Independent analysis of federal and private salary data needed
Dorothy Ramienski | Internet Editor | FederalNewsRadio
He added that his examination of Bureau of Economic Analysis data shows that federal pay is actually rising much faster, on average, than private sector pay.
“So, this doesn’t compute. I think that there’s something suspicious going on with the pay gap numbers and I think the USA Today analysis indicates that, too. The federal pay gap calculation is very, very complicated. It’s sort of a black box, and there’s no published study on it.”
To really get to the bottom of the issue, Edwards explained he thinks there needs to be independent compensation consultants involved. He does agree, though, that one must compare job to job.
“Obviously, we have to set federal salaries somehow and we need to look to private markets to do that because we want federal salaries to be competitive. But, we also don’t want to pay more in the government sector for two reasons — one is that there’s a taxpayer cost, of course, but secondly, there’s an argument that the private sector needs highly skilled workers, as well.”
This does not mean, he reiterated, that the federal government doesn’t need talented people. What he would like to see, he explained, is federal agencies like OPM and BLM take a look at the overall data regarding federal employee pay and benefits.
“You can look at overall trends here and there does seem to be — looking at overall, broad data — a trend in fast-rising federal worker pay and benefits. The USA Today article . . . showed a very big increase in just the last two years. It strikes me that federal officials . . . should be looking into this and trying to discover why these trends are doing what they’re doing. I think we need an outside consultant to come in and really look job to job.”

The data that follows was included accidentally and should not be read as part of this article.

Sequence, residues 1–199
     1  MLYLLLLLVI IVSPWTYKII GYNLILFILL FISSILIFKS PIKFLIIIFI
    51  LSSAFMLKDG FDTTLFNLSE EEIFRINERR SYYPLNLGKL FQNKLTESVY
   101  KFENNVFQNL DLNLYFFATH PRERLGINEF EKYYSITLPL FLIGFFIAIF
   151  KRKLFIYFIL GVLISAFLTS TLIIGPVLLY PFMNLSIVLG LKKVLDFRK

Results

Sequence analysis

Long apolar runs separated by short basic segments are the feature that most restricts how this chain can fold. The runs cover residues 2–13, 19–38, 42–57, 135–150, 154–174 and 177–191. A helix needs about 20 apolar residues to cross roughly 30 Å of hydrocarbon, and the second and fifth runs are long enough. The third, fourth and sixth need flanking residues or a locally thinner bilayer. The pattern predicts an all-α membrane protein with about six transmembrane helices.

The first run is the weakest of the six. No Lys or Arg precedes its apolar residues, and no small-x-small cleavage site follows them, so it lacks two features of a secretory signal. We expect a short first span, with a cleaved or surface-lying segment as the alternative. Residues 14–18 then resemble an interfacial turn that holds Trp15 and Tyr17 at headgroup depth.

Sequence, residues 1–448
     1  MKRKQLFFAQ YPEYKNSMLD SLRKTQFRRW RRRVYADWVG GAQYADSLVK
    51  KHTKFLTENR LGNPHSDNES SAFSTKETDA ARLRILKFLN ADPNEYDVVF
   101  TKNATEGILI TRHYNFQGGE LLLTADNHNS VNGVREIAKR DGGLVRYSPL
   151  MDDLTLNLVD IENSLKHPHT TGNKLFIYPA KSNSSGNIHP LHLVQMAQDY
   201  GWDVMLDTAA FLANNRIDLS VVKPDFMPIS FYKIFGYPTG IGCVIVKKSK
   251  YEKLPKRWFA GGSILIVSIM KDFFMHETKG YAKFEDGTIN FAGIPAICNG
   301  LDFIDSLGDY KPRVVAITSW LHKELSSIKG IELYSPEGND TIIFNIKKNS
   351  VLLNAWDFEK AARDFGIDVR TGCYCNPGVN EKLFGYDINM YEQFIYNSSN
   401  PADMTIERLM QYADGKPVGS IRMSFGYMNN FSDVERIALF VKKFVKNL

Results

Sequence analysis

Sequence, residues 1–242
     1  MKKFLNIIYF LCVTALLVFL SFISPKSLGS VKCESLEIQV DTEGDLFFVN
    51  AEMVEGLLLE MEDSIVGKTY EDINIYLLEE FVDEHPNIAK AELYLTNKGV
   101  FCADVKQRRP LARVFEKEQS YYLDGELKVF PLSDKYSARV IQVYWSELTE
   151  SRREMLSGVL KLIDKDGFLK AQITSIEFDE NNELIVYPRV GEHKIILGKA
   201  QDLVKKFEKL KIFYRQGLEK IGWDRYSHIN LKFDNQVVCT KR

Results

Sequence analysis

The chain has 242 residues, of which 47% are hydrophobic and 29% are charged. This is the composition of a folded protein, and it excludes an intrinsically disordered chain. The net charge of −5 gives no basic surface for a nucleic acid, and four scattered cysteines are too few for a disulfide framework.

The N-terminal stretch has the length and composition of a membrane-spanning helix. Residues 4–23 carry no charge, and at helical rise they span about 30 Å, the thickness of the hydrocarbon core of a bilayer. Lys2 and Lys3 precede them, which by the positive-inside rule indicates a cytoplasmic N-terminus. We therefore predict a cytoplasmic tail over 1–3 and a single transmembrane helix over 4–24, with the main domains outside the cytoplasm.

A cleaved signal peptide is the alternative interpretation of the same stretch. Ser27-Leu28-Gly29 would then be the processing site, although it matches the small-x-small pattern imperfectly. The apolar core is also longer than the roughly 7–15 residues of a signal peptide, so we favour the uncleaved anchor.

This is why he takes issue with the way the pay gap is calculated, he explained.
“They don’t actually do a job to job comparison — private chemist versus public chemist. What they do is, they take a private worker and then they stick him in to where they think a private chemist would be on the GS scale at a certain Step. . . . I think that that current gap methodology is suspicious because the gap seems to have been steady for the last decade or so, and yet, the overall data shows that this acceleration in the federal sector.”
There are a variety of reasons that could contribute to this, he added. Private sector wages have stagnated during the recession, making federal jobs seem more lucrative. Also, the push for pay-for-performance at the Defense and Homeland Security Departments could have also been a factor.
“[It] actually caused a big acceleration at the top end in those departments. Pay-for-performance was essentially used as an excuse to give big pay raises to just about everyone — at least, that’s what it seems from the data that they published a month or so ago. So that could have been feeding into this, as well.”
Overall, he reiterated that he believes the pay gap methodology is outdated and should be updated to give more accurate results.